Lesonsky regularly writes about small business for numerous websites and for corporations targeting entrepreneurs. Many organizations have recognized Lesonsky for her tireless devotion to helping entrepreneurs. She served on the Small Business Administration’s National Advisory Council for six years, was honored by the SBA as a Small Business Media Advocate and a Woman in Business Advocate, and received the prestigious Lou Campanelli award from SCORE. She is a long-time member of the Business Journalists Hall of Fame.

 

Web: www.growbizmedia.com or Twitter: @Rieva

You can read more articles from Rieva Lesonsky by clicking here

 

Bank of America, N.A. engages with Rieva Lesonsky to provide informational materials for your discussion or review purposes only. Rieva Lesonsky is a registered trademark, used pursuant to license. The third parties within articles are used under license from Rieva Lesonsky. Consult your financial, legal and accounting advisors, as neither Bank of America, its affiliates, nor their employees provide legal, accounting and tax advice.

 

Bank of America, N.A. Member FDIC. ©2019 Bank of America Corporation

Americans have long had a passion for pets, but millennials are taking that interest to new heights.

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Since 2017, when millennials surpassed baby boomers as the largest single group of pet owners (35% vs. 32% respectively), they’ve been spending lavishly on “luxury, high-design and high-quality products and services,” JWT Intelligence reports.

 

Seven in 10 millennials own a pet; they spend $67 billion annually on pet dogs and $33.5 billion annually on pet cats.

 

What’s different about millennial pet owners, and how can you capture your share of this booming market? Read on.

 

Why Millennial Pet Owners Are Such a Hot Market

 

According to a Wakefield Research survey, there are three characteristics making millennial pet owners an especially promising target market:

 

    • Exhibitionists: Nine in 10 millennials are on social networks; many have a social media account just for their pets.
    • Conscientious: Millennials strive to keep their pets healthy with organic pet food, wellness supplements and dog day-cares for exercise. Not surprisingly then, 60% of millennials say their pets eat better than they do.
    • Impulsive: Millennials are more likely to splurge on pet products and services, such as fancy pet beds or expensive treats, than other age groups. In fact, many millennials say they splurge more often on their pets than on themselves.

 

What Pet Products and Services Are Popular?

 

Food

Food is the biggest pet-related expense for millennials, who prefer foods that are grain free, have “superfood” additions or limited ingredients for special diets. Millennials seek authenticity and demand transparency regarding pet food ingredients and where the ingredients are sourced.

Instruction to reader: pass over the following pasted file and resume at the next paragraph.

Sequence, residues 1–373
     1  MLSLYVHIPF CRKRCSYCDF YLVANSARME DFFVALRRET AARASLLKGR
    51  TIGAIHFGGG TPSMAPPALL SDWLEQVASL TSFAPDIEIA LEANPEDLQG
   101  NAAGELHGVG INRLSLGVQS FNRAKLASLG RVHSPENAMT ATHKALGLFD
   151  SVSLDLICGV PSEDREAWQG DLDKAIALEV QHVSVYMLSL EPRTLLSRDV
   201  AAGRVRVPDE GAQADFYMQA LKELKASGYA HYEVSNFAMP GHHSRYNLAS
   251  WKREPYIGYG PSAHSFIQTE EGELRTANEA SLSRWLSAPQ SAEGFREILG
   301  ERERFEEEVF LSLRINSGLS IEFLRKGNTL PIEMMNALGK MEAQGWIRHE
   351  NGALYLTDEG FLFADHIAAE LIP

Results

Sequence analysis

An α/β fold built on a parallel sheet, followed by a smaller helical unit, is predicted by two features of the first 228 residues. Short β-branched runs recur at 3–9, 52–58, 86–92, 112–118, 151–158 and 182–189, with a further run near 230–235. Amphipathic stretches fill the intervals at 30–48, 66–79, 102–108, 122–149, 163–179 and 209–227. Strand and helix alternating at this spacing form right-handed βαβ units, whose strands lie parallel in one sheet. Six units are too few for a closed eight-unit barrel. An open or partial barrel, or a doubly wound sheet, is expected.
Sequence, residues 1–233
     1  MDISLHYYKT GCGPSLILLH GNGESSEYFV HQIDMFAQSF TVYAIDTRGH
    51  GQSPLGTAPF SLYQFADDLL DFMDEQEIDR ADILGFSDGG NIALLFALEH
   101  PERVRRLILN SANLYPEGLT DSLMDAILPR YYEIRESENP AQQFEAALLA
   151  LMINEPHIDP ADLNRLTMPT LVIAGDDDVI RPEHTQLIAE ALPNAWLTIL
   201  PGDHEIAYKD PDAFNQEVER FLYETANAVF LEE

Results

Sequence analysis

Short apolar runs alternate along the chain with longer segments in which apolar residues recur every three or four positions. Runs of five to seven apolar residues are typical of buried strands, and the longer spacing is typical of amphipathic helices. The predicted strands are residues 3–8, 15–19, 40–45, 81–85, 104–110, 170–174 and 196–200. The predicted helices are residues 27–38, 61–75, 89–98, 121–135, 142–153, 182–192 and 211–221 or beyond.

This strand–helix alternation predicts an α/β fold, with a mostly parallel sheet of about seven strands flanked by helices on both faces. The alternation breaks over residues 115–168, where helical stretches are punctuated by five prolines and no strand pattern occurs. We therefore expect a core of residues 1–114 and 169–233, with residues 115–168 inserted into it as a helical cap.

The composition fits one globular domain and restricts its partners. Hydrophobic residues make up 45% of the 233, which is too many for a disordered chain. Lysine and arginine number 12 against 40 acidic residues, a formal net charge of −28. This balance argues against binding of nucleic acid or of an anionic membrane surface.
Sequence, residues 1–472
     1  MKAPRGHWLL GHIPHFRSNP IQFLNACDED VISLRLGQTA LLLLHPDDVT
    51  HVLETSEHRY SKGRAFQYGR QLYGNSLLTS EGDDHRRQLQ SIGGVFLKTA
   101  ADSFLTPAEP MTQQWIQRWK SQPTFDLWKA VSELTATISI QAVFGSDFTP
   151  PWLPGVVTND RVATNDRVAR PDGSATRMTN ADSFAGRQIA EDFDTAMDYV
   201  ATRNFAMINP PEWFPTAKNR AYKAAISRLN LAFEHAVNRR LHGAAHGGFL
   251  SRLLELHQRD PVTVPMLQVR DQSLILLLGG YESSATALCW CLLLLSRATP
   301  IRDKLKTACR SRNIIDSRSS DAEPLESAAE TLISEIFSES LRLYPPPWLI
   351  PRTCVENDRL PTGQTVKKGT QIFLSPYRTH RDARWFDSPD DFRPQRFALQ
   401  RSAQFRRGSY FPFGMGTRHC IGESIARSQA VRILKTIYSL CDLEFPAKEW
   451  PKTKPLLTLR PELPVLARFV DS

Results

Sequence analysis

Technology

Millennials use tech to stay connected to their pets. More than half of millennial pet owners use pet-related technology, including health and nutrition apps (24%), pet monitoring cameras (22%), smart toys (20%) and tracking devices (20%). Rover connects pet owners with pet services; PetSafe sells high-tech pet gadgets like training collars.

 

Home Goods

One-third of millennials who bought their first homein 2017 said needing more space for their dog was a factor. Among non-homeowning millennials, 42% say their dog (or their desire to get one) would be a factor in buying a home. Millennials seek home goods that not only serve a pet purpose (like hiding a litter box) but look good doing so. They also want products that help their pets get exercise, be comfortable and be safe at home.

 

Health Care

Veterinary care is the second-biggest pet-related expense for millennials; many are turning to non-mainstream alternatives to help keep their pets healthy. Nearly a quarter pamper their pets with aromatherapy, reflexology or naturopathy; 26% have given pets massage, chiropractic, acupuncture or physical therapy. Anti-anxiety products to reduce pets’ stress, natural wellness and healthcare products, and CBD products are all popular.

 

Pet Care

Dog day care, pet hotels (that is, boarding), pet-sitting and pet walking are all reliable business opportunities, but you need to add a touch of luxury. Millennials expect a high-end, personalized experience, such as cameras to watch their pets remotely and detailed reports on the pet’s day.

 

Transportation

Whether they consider pets an accessory or think of them as part of the family, 61% of millennials say pets must be portable. (For example, 53% believe eating with their pets at restaurants is “essential.”) Pet strollers, tote-style carriers, and backpack or front carriers are popular, and retail site Zulily regularly sells out of “pet-pouch hoodies”—sweatshirts with a front pouch to carry a pet.

 

Pet Clothing and Accessories